The Führer Principle came to dominate Nazi Germany after Adolf Hitler was appointed Chancellor on January 30th 1933. The Führer Principle played its part within the Nazi Party in the lead up to 1933 but there were challenges to the would-be Führer from the likes of Gregor Strasser and Walter Stennes. After Hitler’s appointment as Chancellor, however, a person questioned the Führer Principle at their peril.
The Führer Principle was a very simple concept. Rudolf Hess probably best summarised the Führer Principle when he said in a public speech:
“Hitler is Germany and Germany is Hitler. Whatever he does is necessary. Whatever he does is successful. Clearly the Führer has divine blessing.”
The Führer Principle required everyone in Nazi Germany to accept that Hitler had all the solutions to Germany’s problems and that whatever he said had to be right. On the day after the Night of the Long Knives Hitler defended the action of the SS by stating that for 24 hours he had become the law in Germany and that the SS were simply carrying out his orders. The Führer Principle in its most basic form was that what Hitler said had to be carried out or if it was not the person who challenged it was betraying Hitler and therefore Germany.
The propaganda machine went into overdrive to portray Hitler as the leader who put his country before anything else – hence why he was not married until the very end as he was ‘married’ to Germany. Images of Hitler with Eva Braun were highly restricted and controlled by the state. Such was the effectiveness of Goebbels propaganda machine, that a great many people in Nazi Germany never even knew that Hitler had a girlfriend/mistress until after the end of World War Two in Europe.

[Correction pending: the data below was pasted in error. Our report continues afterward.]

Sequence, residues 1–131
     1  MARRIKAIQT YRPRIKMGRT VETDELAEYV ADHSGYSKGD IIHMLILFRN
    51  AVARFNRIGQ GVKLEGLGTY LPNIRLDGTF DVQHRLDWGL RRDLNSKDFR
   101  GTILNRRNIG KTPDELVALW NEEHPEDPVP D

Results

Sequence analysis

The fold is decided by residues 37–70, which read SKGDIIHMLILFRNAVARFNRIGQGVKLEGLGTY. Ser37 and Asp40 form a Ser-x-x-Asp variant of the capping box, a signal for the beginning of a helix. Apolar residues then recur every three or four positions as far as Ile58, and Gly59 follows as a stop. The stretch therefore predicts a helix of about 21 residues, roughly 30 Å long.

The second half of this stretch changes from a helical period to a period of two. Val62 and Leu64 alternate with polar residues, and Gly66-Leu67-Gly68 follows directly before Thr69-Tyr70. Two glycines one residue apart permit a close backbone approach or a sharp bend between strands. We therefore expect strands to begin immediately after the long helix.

The Führer Principle became embedded into everyday life in Nazi Germany. The formal greeting of ‘Heil Hitler’ was an effective requirement and children were required to use the salute both on their way to school and once there. They were also told that they should report their parents if they were seen doing the salute/greeting in a half-hearted manner.
With the cinema and newspapers controlled by the state, Goebbels had total freedom in the way he portrayed the Führer. Goebbels stated:
“We are witnessing the greatest miracle in history. A genius is building the world. We heard his voice while Germany slept. His hand has made us a nation again. His hand has led us back to the Fatherland. Our whole life we give to the Führer.”
On another occasion, the man who controlled radio broadcasts, newspapers and the cinema stated:
“He alone is never mistaken. He is always right. Amazing how great the Führer is in his simplicity and how simple in his greatness. He is above us all. He is always like a great star above us.”
Nazi leaders vied with one another to portray Hitler as having messianic status.
“And then unto us was born a child in Brannau.” (Hess)
“The Lord has sent us Adolf Hitler.” (Robert Ley)
“We believe that God has sent us Adolf Hitler so that Germany should be a foundation stone in all eternity.” (Hitler Youth)
Such references all revolved around the Führer Principle – the man who should have total control over Germany and expect total obedience. Myths grew about Hitler that bordered on the absurd but no one dared question them in a police state like Nazi Germany. When a university lecturer claimed that her dog could say the words ‘Adolf Hitler’ when the dog saw a photograph of the Führer, it was accepted. Even during the bombing campaign of World War Two, the rumour was allowed to spread that the bombs that were dropped were incapable of destroying a portrait of Hitler even in a bombed out house. The house may have been destroyed but the portrait was not.
To maintain the whole Führer Principle psyche, no one was allowed to tell a joke about the Führer unless they wanted to risk a spell in a concentration camp. In the warped legal system of Nazi Germany a joke about the Führer could have been viewed as treason. Even good weather was known as ‘Führer Weather’.